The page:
It's never a good day when the first e-mail you open has "I've got a bone to pick with you" in the header. But that's what reader Louis Ridley sent me last week. Why, he asked, had we buried the Sen. James Inhofe story? Actually, we hadn't buried it; it just dropped off the radar and we were remiss in not following up. But here's the story.
To rehash a little, the FAA proposed enforcement action against Inhofe following an October 21, 2010 incident in which he landed a Cessna 340 on a closed runway at Port Isabel-Cameron County Airport in Texas, a runway occupied by a working repair crew. The supervisor of that crew said Inhofe's airplane swished uncomfortably close to the crew, peppered them with debris and left him shaking.
The FAA's subsequent investigation determined that Inhofe was in violation of FARs 91.13(a), careless or reckless operation and 91.103 (a), the preflight/all available information clause. Inhofe said he didn't check NOTAMs before the flight and still maintains that pilots who fly a lot never check NOTAMs. So what did the FAA do about enforcement?
In lieu of a penalty, it required Inhofe to do four hours of ground instruction and three hours of flight instruction, with an emphasis on aeronautical decision making. He did this with one of his former students, something with its own set of problems I'll ignore for the moment. Inhofe presented the FAA with evidence of his training and the case was closed. But did the agency do the right thing or did it give Inhofe a good-old-boy slap on the wrists in deference to his senior senatorship?
That's hard to answer, but my opinion is that the penalty is in line with what the hoi polloi might expect. If it's too lenient, it's by degree. If it were me, I'd have required the Senator to complete a 709 recert ride to determine if he can actually see. (More on that in a moment.) I'd have gone for 30-day suspension, too, just to make the point. I took a look at the FAA database on infractions and penalties and was surprised to find that many are of this nature: A corrective letter, training or a 709 ride in lieu of penalty. In fact, in 2004, the GAO dinged the FAA for ineffective follow-up on the enforcement actions it does pursue.
As far as the actual event itself, it's not unreasonably unsafe to land an airplane on a runway occupied by either another airplane or a construction crew, provided everyone is on the same page and knows what's coming. That wasn't the case here. Having launched without a NOTAMs check, Inhofe just showed up and landed, ignoring the big yellow X and vehicles on the runway. Although I couldn't confirm it, the runway closure wasn't listed in NOTAMs, but that's somewhat immaterial to the issue of attitude, which is what this is really about. Following the incident, Inhofe said he couldn't find out about the runway work on his own because an airport official there "hates me" and wouldn't take his calls. Gee, I wonder why.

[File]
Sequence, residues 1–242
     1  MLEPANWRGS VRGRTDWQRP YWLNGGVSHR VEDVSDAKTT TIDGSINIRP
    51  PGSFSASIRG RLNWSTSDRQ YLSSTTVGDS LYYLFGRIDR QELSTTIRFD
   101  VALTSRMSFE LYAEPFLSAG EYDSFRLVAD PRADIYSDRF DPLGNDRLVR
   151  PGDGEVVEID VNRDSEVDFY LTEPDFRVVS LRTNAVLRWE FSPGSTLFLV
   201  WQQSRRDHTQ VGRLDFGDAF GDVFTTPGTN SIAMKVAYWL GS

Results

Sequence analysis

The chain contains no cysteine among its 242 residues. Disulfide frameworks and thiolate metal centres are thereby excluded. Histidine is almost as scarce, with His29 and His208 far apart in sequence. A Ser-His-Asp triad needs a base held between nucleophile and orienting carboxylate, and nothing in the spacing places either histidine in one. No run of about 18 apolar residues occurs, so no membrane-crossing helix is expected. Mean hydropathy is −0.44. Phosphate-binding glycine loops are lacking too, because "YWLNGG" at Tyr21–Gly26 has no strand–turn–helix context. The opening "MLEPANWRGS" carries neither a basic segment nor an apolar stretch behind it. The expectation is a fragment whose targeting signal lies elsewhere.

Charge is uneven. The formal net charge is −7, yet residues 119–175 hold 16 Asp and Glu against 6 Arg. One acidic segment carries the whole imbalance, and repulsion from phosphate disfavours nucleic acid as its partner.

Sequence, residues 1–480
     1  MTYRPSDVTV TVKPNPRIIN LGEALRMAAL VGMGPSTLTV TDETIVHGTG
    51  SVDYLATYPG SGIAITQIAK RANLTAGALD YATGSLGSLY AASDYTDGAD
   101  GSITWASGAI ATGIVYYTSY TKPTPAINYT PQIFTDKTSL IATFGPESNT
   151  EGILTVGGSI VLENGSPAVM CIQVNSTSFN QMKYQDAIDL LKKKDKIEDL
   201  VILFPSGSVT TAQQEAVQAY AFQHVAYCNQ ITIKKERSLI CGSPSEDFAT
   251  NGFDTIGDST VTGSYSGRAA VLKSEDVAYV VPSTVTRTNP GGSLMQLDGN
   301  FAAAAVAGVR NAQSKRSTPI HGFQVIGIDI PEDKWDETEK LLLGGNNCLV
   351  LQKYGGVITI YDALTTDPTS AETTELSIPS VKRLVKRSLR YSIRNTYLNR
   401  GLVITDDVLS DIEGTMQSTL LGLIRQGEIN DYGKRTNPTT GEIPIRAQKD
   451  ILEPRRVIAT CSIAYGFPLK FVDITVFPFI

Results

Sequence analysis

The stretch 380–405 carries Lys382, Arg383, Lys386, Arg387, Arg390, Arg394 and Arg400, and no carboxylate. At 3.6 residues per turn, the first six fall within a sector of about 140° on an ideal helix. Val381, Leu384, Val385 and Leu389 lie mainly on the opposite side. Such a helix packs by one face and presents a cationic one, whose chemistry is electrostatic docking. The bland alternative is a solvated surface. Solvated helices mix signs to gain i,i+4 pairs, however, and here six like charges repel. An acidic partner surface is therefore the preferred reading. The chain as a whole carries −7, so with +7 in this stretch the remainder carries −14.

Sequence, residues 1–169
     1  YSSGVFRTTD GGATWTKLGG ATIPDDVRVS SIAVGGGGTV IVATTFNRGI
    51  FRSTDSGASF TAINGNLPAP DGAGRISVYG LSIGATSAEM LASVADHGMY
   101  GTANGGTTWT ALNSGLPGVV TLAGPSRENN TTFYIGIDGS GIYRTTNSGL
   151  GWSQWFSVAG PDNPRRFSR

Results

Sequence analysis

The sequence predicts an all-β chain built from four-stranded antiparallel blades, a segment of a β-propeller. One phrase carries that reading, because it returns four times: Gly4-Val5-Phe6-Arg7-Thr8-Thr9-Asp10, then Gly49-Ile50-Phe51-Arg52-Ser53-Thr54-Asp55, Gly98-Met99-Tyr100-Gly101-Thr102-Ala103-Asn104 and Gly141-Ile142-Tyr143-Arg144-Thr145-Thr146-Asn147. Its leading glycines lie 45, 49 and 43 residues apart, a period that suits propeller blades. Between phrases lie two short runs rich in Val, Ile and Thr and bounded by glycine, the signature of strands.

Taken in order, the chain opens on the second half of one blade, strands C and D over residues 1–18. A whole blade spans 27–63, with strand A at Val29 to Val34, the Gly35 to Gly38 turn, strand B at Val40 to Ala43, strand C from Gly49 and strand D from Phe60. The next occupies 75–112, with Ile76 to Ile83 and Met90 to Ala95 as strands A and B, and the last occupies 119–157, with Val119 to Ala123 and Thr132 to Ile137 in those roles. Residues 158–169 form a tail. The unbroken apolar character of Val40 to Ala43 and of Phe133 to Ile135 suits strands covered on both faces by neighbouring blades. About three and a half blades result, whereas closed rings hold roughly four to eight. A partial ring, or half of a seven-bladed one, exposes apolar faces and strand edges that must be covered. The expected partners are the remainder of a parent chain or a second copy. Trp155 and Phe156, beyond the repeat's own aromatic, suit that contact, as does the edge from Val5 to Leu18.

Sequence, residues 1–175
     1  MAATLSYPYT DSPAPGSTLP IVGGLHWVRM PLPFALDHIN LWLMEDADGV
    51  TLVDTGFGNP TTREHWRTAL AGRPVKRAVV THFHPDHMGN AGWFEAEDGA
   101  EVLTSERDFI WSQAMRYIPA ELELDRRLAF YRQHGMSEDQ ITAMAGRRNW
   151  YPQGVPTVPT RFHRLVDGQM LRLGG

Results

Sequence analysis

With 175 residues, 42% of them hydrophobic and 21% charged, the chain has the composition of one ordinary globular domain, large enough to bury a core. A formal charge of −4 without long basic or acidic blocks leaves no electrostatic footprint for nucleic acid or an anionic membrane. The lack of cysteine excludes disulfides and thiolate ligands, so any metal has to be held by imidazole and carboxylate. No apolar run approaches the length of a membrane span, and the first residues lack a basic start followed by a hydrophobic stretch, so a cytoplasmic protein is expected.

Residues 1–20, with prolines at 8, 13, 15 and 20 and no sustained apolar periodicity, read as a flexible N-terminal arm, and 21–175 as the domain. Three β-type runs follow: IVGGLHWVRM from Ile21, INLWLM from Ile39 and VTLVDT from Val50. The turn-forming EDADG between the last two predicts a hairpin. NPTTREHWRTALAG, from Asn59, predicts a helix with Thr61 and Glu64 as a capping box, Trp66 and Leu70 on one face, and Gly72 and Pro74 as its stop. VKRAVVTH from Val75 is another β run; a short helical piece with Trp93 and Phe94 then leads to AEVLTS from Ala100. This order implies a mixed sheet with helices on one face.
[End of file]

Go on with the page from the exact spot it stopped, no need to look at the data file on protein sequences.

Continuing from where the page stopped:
But the underlying problem here is Inhofe's expressed attitudes toward what got him into this mess in the first place. He told the Tulsa World that he saw the runway Xs too late to avoid a landing, explaining that at some point, you're committed and you can't safely abort. That excuse may fly with the mainstream press, but any pilot knows it's BS. In a single or twin with operating engines, you can go around at any point and all of us have been trained to do that. The exception is one-way-in-and-out runways, and this wasn't one of those. You can make the flyspeck argument about all-engine go arounds from below Vmc in a twin, but it's perplexing why he didn't or couldn't see the Xs and vehicles further out. Was he not looking or is his eyesight just that poor? That argues for the 709 ride to find out.
In one of several conversations with the Tulsa World, Inhofe said: "Approximately three miles on final approach to Cameron County, they said you are cleared for, that's the words I want to get exact, cleared to approach at Cameron County." Anyone with even fleeting knowledge of air traffic control will see right through this excuse. Cameron Country is a non-towered airport, Inhofe was VFR at the time and terminal or center controllers don't clear VFR airplanes for approaches or landings. Furthermore, you can't expect them to always know about or make you aware of runway closure information. That monkey is on the pilot's back. This kind of everyone-should-know-this stuff can be addressed on 709 rides.
But the real deal breaker here is attitude. The FARs don't have a provision for Intent to Commit Stupidity, but maybe they should. Even after the incident, Inhofe still maintains that most pilots don't check NOTAMS. A survey we did on AVweb reveals that this is wrong. Ten percent of respondents told us they rarely check NOTAMs before a flight, but two thirds of 1060 people who answered our survey said they always or almost always check NOTAMs before each flight. Inhofe said he couldn't commit to do that. Just too busy.
To me, this is a tantamount, at least in principle, to telling the judge who's just nailed you for a DUI that you're not sure you'll give up drinking and driving. It indicated a world class case of don't get it that even a 709 ride can't fix. Furthermore, it tarnishes the entire pilot community, making us all look like a rabble of arrogant, ignorant boobs.
There's one additional issue: Courtesy to your fellow man. When you see reduced speed limits in construction zones that save "give 'em a brake," do you? I do. It's just common courtesy. Same thing applies to workers on a runway. A hurricane salute from your prop wash is just bad manners.
Other than that, this one worked out just perfect.